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elite if we wanted to come up with the worst examples of things that happened that we would wish that have been, my guess is we would be numbering in the tens and 20s, not the thousands. so as i look at guys like stephen jackson and guys like ryan clark, those are guys who i think do do with the right way when it comes to teaching their youth football people. so while i agree 100% on the idea that psa is, i'd love to have a little bit of good news, but that some of the players you never hear about because they don't drive their car at a thousand miles an hour, don't get in fights at clubs. they don't throw people out of windows. unfortunately, those are the stories are never hear them the good thing about jeff and i shove this was the tv is off, those are the guys we meet and to me the greatest psa we could
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possibly do and maybe i'm putting a little bit of this responsibility on us as well in her import they have overt indications to part and is for us to tell those stories because we have thousands of great ones. for the guys that she played with, for those guys on your teams, more often than not those are the same guys you would entrust you teach your kids how to place the analysis story we need to hear. >> if i can just jump in the quick. i'll be brief. she makes a good point. the stories to get the lead to further revolution in how we address these issues are essential to be told. they are essential because they lead to changes. we have athletic trainers and skyboxes and video boards on the sidelines. i don't know whether we would. but it's interesting lasher in the championship games, the nfc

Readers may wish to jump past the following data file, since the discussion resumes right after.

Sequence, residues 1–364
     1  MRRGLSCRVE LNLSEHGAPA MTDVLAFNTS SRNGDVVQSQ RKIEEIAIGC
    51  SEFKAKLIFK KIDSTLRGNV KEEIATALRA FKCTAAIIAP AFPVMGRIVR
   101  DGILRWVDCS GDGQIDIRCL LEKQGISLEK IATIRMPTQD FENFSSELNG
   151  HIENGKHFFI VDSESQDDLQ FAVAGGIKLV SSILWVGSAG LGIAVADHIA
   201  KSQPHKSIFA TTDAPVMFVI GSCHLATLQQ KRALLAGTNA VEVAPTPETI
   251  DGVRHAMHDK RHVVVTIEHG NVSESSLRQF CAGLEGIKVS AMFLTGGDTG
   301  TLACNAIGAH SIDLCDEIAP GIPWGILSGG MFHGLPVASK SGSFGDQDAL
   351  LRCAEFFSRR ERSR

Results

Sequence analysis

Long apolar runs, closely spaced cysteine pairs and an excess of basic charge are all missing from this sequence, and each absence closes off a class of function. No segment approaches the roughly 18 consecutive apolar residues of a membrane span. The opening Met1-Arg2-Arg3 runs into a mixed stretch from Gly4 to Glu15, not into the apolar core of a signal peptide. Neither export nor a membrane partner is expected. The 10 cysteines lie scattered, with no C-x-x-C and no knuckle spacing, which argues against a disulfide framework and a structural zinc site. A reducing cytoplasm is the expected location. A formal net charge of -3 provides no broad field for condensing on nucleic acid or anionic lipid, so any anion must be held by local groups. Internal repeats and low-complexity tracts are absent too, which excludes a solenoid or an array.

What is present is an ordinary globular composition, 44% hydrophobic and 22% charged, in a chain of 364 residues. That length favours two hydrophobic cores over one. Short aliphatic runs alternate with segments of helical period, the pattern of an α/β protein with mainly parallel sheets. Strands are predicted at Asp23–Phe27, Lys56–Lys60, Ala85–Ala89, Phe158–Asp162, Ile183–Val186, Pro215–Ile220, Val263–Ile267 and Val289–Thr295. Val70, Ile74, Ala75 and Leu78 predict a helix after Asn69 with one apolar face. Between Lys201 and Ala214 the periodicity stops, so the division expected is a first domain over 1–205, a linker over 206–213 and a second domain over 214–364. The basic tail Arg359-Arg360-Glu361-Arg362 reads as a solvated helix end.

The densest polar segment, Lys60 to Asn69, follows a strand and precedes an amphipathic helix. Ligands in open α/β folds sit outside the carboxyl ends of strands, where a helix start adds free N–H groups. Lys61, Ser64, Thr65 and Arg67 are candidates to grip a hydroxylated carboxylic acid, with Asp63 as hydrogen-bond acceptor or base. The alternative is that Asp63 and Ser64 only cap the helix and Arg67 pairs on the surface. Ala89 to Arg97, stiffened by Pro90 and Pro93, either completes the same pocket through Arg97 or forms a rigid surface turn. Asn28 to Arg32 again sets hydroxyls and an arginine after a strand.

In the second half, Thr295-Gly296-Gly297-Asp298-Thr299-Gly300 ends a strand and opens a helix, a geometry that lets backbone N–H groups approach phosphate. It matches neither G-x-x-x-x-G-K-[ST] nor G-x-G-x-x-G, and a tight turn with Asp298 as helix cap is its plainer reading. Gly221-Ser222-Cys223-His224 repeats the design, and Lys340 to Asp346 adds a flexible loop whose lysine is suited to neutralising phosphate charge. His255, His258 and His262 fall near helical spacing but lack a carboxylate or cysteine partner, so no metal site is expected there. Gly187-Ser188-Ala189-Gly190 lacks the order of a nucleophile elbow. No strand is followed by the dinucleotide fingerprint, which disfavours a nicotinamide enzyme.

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and afc, two hard-hitting games, the ravens and teachers, giants beat the niners and in the super bowl. go back and watch those games. was there an illegal hit? was a penalty? world for his hard, solid making your brain jump off the couch? they were. go back and watch. i present to you that it is changing. james harrison said publicly he was going to avoid hitting the quarterback in the head because he didn't want to draw a fine. anecdotal, not statistic. and i'll probably get in trouble back at the lake when i mention these things. but anecdotal as proof. again, the stories also access and the great part of football can be done and they can continue to encourage the following bands in that part of us who enjoy his hard they don't have to be in anybody's head either. >> we need to wrap up here.